Revised ADA Standards Allow Personalized Approach to Diabetes Treatment

“The large target trials (ACCORD, ADVANCE and VADT) have made us cautious of pushing patients too hard. Those trials showed us that no one HbA1c target fits everyone with diabetes,” Dr. Ali told Endocrinology Advisor.

“The specifics regarding what targets are appropriate for young people with diabetes are appreciated and clear. Targeting 7.5% instead of 8.5% is also meaningful, as one percentage point reductions in HbA1c in the DCCT and UKPDS trials were associated with clinically significant reductions in incidence of macrovascular and microvascular diabetes complications.”

He said the changes involving statin therapy may help improve outcomes because they are not based on a one-size-fits-all approach. 

“Statins have been shown to have cholesterol-lowering and microvascular disease-lowering benefits in many trials and meta-analyses. There are also at least two studies where individuals with low levels of LDL cholesterol still benefited from statin use,” said Dr. Ali.

He said what is not yet clear is whether moderate- or high-intensity statins are better for the different groups proposed by the ACC/AHA guidelines and whether there are more or fewer side effects experienced with each. Dr. Ali said both of these issues should become more apparent in time and with more evidence. Current knowledge suggests that benefits may outweigh risks.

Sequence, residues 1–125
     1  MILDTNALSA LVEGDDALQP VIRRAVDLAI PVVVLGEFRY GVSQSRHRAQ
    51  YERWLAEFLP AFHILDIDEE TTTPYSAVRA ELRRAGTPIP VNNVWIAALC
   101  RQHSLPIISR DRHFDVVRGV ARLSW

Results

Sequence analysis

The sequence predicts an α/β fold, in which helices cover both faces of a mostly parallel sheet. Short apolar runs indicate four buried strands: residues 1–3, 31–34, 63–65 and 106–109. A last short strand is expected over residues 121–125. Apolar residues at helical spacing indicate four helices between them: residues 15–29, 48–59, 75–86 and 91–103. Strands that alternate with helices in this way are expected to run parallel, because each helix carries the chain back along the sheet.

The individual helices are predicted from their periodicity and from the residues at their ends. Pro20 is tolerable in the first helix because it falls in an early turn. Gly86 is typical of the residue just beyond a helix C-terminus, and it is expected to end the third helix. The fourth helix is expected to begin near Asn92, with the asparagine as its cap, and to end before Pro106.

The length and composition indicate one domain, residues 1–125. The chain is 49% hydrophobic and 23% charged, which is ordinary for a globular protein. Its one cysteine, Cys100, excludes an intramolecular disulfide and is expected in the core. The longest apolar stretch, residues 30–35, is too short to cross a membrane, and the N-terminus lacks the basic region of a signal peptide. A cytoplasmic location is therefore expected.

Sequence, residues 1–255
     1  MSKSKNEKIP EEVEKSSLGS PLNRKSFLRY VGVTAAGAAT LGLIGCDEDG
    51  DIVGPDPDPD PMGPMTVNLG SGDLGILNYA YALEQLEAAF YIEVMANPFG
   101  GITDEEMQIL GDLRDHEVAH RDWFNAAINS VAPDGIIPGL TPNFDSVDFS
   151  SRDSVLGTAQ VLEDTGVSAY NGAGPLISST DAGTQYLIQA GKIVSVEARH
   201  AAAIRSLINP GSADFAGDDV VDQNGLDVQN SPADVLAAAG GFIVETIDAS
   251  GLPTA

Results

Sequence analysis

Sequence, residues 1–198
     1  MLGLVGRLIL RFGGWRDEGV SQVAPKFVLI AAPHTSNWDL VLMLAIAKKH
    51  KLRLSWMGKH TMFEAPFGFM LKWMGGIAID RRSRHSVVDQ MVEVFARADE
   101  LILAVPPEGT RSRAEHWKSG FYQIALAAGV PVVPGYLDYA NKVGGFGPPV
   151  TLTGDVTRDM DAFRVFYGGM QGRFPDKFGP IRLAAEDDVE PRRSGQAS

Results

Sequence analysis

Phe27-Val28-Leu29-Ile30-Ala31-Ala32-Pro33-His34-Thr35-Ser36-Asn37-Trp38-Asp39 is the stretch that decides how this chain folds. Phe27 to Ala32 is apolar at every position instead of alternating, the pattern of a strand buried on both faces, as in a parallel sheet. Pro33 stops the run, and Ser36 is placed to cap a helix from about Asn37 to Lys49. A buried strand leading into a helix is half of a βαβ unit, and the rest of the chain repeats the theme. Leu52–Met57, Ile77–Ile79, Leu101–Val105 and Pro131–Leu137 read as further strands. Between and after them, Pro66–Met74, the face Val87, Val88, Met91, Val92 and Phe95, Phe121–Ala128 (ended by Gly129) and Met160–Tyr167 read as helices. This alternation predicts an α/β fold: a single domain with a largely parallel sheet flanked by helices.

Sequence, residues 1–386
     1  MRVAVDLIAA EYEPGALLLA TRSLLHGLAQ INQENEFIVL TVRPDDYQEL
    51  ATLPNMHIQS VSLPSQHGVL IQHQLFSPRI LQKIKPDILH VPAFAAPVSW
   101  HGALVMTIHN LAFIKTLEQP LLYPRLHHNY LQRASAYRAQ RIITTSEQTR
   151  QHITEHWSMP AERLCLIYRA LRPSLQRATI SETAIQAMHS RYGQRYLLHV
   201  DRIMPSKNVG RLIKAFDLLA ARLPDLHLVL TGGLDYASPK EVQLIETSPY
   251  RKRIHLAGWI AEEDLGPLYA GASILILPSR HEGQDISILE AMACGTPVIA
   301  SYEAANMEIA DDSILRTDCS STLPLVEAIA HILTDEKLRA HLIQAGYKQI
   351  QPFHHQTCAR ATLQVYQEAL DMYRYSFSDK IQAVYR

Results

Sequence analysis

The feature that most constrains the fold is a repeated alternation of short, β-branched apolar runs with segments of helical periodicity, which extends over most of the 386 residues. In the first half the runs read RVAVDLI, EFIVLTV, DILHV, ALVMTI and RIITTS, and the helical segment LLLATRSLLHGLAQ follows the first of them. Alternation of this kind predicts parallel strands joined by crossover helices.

Diabetes researcher Tim Holt, MD, who is with Nuffield Department of Primary Care Health Sciences at University of Oxford in the United Kingdom, agrees. He believes the change in lipid management should lead to improved outcomes because they are more personalized. The U.K. has already adopted a similar approach and it appears to be appropriate, he said.

“As in the U.K., the decision over whether to treat is based on CVD risk and not on the actual cholesterol level itself. Overall, the likely result will be that more people will take statins, many at higher doses if the guidelines are followed. Provided this treatment is tolerated, it is likely to be beneficial,” Dr. Holt told Endocrinology Advisor.


  1. Diabetes Care. 2015;38(Suppl. 1):S1-S94.